With respect to the graph you present it conflates political views with actual voting patterns. I understand there is quite a lot of concern that many of the 7% that haven’t turned out NZ after 1999 election are those on the left who don’t have anything to vote for. This situation is complicated by the MMP threshold where it is quite possible to vote on the left and not have your vote represented in parliament. Mine was one of those votes in the last election.

    In a context where ill-health, poverty and inequality is conspicuous, related debate here in NZ would suggest something has changed. Whether that change demands a shift in the centrist at all costs agenda remains to be seen. I do think the scrabble to put the “zombie of the old left to death” has been somewhat unseemly and to the advantage of people like Corbyn. What interests me about this article in the New Yorker, is the cold presentation of all the things that the still growing working class aren’t receiving and what it may revive.

    Nawthshaw • Since Nov 2006 • 790 posts Report Reply

  • Nick Russell, in reply to Rob Stowell,

    Somehow 2015 doesn’t feel like the 1980s. Different times call for different solutions

    Corbyn isn't offering new solutions. He is a fossil. As far as I can see he is promising to wind the clock back to Labour's 1983 manifesto, aka the longest suicide note in political history (copyright G Kaufman). This seems to appeal mainly to people who were not around in 1983 and who think that the voting public secretly yearn to renationalise the railways, abandon nuclear weapons, etc, etc, and that the big problem with Ed Miliband was that he just wasn't left wing enough. I think the technical term for such people is "deluded". Or possibly "non-voters".

    I grew up in England in the late 70s and early 80s. All I can say is that anyone who thinks of that time as the good old days is not someone I would vote for. Although some of the music and TV was good. But hey, who knows, maybe Michael Foot was a man ahead of his time and the voting public will flock to the banner this time around. Personally, I would put this in the "snowball-furnace" field of probability. More likely we get a solid 15-20 years of Tory government.

    Wellington • Since Jul 2008 • 126 posts Report Reply

  • Rich of Observationz,

    In my view, for as long as the currently perceived benign economic and political environment continues, Labour won't win an election.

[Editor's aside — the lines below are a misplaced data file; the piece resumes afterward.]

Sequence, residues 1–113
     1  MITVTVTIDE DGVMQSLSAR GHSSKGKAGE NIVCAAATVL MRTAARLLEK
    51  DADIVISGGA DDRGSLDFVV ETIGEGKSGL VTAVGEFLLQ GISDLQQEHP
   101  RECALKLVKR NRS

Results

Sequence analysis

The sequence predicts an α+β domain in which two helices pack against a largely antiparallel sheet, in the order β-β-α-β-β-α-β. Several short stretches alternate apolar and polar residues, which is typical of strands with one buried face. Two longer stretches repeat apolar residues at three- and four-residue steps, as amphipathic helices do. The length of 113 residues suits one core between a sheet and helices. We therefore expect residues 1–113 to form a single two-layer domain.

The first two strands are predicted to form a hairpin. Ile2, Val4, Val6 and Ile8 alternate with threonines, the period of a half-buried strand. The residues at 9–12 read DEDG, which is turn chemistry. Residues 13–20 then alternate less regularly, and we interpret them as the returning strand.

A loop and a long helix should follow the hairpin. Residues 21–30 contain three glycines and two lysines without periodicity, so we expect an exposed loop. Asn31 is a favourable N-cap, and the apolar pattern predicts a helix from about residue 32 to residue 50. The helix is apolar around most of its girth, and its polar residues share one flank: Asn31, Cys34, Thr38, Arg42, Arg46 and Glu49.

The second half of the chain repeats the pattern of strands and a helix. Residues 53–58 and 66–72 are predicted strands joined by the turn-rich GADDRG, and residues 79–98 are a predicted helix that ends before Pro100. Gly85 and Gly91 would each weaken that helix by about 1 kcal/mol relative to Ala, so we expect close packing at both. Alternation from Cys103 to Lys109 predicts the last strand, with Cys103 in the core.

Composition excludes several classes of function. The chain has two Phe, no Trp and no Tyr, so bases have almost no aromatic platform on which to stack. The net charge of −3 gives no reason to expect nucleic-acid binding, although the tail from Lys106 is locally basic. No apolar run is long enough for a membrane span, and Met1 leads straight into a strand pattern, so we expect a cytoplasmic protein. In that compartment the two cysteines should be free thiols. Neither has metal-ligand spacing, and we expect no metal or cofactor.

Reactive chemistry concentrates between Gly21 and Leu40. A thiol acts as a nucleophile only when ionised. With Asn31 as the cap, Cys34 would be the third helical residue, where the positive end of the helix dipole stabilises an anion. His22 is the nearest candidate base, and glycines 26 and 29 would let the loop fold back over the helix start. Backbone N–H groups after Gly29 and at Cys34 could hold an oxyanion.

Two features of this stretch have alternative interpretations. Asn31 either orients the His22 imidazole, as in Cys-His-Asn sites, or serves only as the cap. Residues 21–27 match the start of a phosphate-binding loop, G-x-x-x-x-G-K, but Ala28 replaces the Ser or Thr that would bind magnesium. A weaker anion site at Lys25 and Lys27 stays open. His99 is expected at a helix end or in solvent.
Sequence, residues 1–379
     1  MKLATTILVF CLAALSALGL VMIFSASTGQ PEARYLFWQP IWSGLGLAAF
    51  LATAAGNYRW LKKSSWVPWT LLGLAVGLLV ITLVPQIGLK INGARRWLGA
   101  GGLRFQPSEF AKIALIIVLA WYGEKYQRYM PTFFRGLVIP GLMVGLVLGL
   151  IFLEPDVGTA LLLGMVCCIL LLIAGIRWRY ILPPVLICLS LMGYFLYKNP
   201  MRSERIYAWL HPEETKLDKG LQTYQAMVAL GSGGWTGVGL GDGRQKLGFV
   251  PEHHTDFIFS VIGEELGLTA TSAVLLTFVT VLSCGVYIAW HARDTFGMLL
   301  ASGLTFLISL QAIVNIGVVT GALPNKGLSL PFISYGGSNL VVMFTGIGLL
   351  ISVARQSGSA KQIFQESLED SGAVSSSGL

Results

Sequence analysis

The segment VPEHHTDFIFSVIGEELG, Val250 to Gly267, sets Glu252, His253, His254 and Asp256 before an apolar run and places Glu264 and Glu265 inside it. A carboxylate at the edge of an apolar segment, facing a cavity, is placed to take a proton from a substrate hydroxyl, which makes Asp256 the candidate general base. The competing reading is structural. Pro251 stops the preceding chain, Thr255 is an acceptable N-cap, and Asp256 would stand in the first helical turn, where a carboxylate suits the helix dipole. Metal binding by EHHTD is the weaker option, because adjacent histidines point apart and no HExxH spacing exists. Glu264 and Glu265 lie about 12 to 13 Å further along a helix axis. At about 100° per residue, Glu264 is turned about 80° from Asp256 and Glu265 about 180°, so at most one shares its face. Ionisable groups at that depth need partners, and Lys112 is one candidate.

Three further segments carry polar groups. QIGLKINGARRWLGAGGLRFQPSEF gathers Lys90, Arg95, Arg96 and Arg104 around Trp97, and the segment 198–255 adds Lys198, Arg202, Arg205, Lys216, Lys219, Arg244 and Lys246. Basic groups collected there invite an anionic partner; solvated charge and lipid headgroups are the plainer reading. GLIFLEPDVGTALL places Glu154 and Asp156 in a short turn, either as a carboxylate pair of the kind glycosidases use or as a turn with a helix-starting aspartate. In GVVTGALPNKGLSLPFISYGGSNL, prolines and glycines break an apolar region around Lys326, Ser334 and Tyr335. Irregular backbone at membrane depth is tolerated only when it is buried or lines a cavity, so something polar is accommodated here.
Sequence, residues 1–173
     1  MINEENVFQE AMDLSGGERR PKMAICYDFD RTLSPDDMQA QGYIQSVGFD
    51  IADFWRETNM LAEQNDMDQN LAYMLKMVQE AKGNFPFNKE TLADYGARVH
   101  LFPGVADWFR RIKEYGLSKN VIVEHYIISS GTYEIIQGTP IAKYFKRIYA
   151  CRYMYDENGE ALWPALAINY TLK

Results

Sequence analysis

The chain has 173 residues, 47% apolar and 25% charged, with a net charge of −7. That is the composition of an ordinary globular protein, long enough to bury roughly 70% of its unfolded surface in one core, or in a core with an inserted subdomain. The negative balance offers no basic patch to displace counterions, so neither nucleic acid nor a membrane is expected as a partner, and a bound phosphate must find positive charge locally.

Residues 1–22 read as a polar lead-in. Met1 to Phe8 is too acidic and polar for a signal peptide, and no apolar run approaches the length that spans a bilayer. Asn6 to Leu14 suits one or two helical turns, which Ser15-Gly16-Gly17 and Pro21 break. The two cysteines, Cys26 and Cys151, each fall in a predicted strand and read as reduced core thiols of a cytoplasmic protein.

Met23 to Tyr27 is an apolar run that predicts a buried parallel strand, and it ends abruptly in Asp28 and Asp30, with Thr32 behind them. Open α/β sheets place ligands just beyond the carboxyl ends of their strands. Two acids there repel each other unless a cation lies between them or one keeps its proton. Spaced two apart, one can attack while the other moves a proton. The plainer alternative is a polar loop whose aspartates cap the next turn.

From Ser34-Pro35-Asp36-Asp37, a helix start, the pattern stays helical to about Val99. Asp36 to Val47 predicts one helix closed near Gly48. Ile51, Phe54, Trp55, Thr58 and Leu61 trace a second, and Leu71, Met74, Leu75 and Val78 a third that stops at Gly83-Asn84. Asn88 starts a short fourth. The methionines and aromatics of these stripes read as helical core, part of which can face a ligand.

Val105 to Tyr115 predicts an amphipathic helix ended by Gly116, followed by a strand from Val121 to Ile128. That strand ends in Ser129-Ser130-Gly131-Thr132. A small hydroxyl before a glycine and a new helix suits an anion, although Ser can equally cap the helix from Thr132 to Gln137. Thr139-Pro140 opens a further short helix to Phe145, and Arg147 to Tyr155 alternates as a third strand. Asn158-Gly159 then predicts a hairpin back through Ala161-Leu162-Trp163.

Received wisdom is that there is no support for their moving to the left.
    It's unlikely, given ACT's poor showing, that they could usefully move back to the Roger Douglas era and position themselves to the right of National.
    And it's hard to see how they can compete with John Key-led National on the same ground as better managers of capitalism.

    However, economic and political conditions are rarely steady state. China is going downhill fast - we'd expect to see the economic impacts from that eventually hit the consciousness of the average Auckland breeder at some stage.

    The question for the NZ left's leaders is thus not what policies they favour just now, but what they'd do about a banking collapse / house price crash / Fonterra bankruptcy etc.

    Back in Wellington • Since Nov 2006 • 5550 posts Report Reply

  • Nick Russell, in reply to 81stcolumn,

    With respect to the graph you present it conflates political views with actual voting patterns. I understand there is quite a lot of concern that many of the 7% that haven’t turned out NZ after 1999 election are those on the left who don’t have anything to vote for. This situation is complicated by the MMP threshold where it is quite possible to vote on the left and not have your vote represented in parliament. Mine was one of those votes in the last election.

    Labour and the Greens have repeatedly demonstrated that chasing the votes of people who don't vote is a good way of losing elections. I wonder if Corbyn is making the same mistake in the UK.

    Wellington • Since Jul 2008 • 126 posts Report Reply

  • Rich of Observationz,

    I grew up in England in the late 70s and early 80s.

    So did I. I got a free university education, just as one thing I wouldn't get today.

    Sure, it wasn't the easiest place to become very rich, but the working and middle classes were somewhat better off than today.

    Where Labour failed was that they applied authoritarian, top-down policies instead of empowering people. If they'd turned the mines into co-operatives where the miners chose their managers and worked out a strategy, they might have turned out a lot better.

    Back in Wellington • Since Nov 2006 • 5550 posts Report Reply

  • Nick Russell, in reply to Rich of Observationz,

    I don't buy the "Labour failed" argument at all. Blair won 3 straight general elections. Name me another Labour leader who did that.

    The real failure is the succession of Labour leaders who each went down in a hail of ideologically correct bullets. But that's the left for you. Better to lose gloriously than be tainted by victory. Winning elections is what Tories do.

    Wellington • Since Jul 2008 • 126 posts Report Reply